Salisbury family happy with new law on infant testing

  • Posted: Wednesday, May 15, 2013 10:29 a.m.
    UPDATED: Wednesday, May 15, 2013 10:30 a.m.
Submitted photo. Stephanie, Renna and Joel Linn of Salisbury helped advocate for a bill that would require newborns to be screened for oxygen levels in their blood. Low oxygen can signal congenital heart defects.
Submitted photo. Stephanie, Renna and Joel Linn of Salisbury helped advocate for a bill that would require newborns to be screened for oxygen levels in their blood. Low oxygen can signal congenital heart defects.

Gov. Pat McCrory signed legislation requiring pulse oximetry be added to North Carolina’s newborn screening panel on May 8. Pulse oximetry screening, in conjunction with standard screening methods, greatly improves the likelihood of detecting life-threatening heart defects in infants. North Carolina is one of only twelve states to adopt the legislation to ensure babies born with heart defects are screened and receive appropriate care.

Joel and Stephanie Linn of Salisbury, parents of Renna, a 5-year-old Tetralogy of Fallot survivor, have been outspoken advocates of the legislation. Tetralogy of Fallot is a congenital heart defect that results in low oxygen in the body.

“We are thrilled that N.C. has embraced and recognized the sheer importance of the Pulse Ox Bill. New parents will now have peace of mind when they are discharged that this simple screening is now a part of routine care, thus eliminating potential dangers later,” said Joel Linn. “We are so appreciative of Senator Andrew Brock, Congressman Jim Fulghum, Governor McCrory, and the entire N.C. legislative body for ensuring this quality care initiative was implemented into practice for our newborns.”

“I feel so honored and proud to have helped make a change for every future newborn child in N.C. My goal in advocating for the Pulse Ox mandate was to be a voice for all the children born in N.C. and their families and ensuring that anything and everything is being done to detect life-threatening issues earlier. We may not be able to change the past. However, moving forward, the impact that pulse oximetry testing will make on newborns will be tremendous,” says Stephanie Hallyburton-Linn, Renna’s mother.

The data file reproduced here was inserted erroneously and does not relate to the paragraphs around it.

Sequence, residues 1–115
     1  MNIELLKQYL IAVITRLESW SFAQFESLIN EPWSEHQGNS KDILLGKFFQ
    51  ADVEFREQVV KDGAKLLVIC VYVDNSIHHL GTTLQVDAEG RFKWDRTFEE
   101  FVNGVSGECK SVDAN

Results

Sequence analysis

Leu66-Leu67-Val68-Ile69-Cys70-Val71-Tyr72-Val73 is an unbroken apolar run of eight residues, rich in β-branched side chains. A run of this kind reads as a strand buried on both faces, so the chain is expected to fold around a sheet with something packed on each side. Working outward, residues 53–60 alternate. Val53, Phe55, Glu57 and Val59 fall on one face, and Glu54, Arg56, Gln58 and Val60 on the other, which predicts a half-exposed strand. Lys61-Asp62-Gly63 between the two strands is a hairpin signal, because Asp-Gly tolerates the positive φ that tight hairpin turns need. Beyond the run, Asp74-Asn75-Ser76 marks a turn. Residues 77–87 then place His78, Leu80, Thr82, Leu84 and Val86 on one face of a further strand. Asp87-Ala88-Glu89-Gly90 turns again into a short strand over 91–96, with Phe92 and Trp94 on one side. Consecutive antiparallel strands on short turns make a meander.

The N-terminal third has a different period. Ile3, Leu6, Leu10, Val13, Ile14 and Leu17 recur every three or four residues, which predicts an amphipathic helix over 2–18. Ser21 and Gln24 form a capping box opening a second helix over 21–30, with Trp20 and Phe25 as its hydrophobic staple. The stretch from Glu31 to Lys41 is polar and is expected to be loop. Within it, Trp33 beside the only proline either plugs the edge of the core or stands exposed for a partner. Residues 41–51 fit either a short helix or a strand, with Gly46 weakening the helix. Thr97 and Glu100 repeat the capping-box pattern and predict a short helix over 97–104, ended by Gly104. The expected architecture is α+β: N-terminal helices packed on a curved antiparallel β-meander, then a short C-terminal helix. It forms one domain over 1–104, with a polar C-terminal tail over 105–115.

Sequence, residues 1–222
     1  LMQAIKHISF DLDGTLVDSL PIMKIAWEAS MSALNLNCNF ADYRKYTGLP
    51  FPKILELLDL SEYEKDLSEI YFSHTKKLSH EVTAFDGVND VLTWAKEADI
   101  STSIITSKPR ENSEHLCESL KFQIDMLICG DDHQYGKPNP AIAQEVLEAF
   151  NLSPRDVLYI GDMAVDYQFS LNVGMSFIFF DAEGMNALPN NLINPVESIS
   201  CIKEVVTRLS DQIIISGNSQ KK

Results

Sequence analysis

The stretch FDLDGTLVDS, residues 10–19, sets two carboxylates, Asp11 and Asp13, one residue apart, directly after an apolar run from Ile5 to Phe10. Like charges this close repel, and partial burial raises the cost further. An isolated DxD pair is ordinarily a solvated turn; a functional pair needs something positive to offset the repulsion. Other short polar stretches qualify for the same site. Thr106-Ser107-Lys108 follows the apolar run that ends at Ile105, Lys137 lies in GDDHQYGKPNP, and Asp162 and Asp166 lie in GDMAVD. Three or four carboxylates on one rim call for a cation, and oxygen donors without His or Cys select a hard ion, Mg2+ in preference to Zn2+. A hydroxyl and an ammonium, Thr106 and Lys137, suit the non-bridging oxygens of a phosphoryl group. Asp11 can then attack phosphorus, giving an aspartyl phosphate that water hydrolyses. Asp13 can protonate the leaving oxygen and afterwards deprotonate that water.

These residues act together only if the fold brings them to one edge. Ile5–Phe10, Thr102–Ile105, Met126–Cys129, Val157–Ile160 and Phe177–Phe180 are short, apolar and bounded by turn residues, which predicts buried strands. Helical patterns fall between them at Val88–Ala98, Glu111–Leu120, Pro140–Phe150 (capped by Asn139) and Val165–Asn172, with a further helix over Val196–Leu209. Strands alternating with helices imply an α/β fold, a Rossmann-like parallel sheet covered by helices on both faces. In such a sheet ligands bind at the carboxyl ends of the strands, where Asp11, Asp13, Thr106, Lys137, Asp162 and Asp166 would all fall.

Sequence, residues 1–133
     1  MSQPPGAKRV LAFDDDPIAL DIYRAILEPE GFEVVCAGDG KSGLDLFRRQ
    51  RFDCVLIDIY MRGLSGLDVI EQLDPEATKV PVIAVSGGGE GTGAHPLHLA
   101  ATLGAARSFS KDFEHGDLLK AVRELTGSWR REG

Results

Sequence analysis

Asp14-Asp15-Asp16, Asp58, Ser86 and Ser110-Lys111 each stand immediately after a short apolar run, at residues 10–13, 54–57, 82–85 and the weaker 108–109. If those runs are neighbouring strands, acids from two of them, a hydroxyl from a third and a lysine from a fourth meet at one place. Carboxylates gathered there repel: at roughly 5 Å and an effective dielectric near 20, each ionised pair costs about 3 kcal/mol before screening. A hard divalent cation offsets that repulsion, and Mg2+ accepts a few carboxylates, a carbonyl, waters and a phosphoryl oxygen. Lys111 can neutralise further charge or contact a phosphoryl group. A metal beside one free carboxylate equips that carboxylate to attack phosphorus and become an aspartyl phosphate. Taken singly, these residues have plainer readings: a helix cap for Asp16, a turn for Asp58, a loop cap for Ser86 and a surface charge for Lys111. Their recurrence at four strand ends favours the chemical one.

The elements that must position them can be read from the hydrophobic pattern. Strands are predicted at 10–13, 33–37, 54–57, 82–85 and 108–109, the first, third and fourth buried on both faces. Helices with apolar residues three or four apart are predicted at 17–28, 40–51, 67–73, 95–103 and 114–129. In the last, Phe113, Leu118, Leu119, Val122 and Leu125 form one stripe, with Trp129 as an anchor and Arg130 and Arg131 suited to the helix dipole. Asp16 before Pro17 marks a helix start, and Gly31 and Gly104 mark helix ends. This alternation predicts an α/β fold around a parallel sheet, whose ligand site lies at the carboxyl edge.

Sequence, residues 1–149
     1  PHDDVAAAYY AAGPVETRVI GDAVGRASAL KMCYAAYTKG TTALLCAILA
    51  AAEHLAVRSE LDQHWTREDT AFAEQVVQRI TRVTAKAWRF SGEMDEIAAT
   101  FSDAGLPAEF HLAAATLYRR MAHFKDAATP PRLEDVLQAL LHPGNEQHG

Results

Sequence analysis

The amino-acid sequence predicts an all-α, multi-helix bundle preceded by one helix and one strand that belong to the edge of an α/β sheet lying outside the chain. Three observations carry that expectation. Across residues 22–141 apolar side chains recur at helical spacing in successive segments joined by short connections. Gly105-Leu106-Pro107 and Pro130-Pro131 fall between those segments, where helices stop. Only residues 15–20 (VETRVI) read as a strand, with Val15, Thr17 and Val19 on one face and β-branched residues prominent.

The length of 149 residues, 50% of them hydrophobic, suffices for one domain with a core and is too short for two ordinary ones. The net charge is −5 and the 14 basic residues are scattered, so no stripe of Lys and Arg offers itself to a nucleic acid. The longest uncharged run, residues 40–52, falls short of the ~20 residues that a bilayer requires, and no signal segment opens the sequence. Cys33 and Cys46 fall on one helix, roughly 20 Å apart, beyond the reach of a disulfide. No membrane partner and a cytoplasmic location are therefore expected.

The Governor signed Senate Bill 98 into law surrounded by bill sponsors, parents and children affected by congenital heart defects such as Grace Sanchez of Durham.

Pulse oximetry screening is a non-invasive, simple test that measures the level of oxygen saturation in the blood and indicates how well the heart is functioning.

Congenital heart defects account for 24 percent of infant deaths due to birth defects and more than 1,400 babies with CCHD do not live to celebrate their first birthday. In the United States, approximately 4,800 babies born every year have one of seven critical congenital heart defects. Infants with one of these CCHDs are at significant risk for death or disability if not diagnosed and treated soon after birth.

Parents of children with congenital heart defects, such as Carolina Panther Greg Olsen, the American Heart Association and their partners, advocated for the pulse oximetry bill through a “You’re the Cure for Healthy Babies” campaign. Olsen and supporters from across the state wrote Teddy Bear postcards addressed to Gov. McCrory championing the bill.

“I am overwhelmed with joy that a simple piece of legislation can have such a positive impact on so many lives,” said bill co-sponsor Sen. Andrew Brock. “This procedure will save countless babies.”

Bill sponsors included co-sponsors Brock (R), Sen. Louis Pate(R) and Sen. Josh Stein (D) along with Speaker Pro Tem Rep. Paul Stam, Rep. Jim Fulghum (R) and Rep. Mark Hollo (R).

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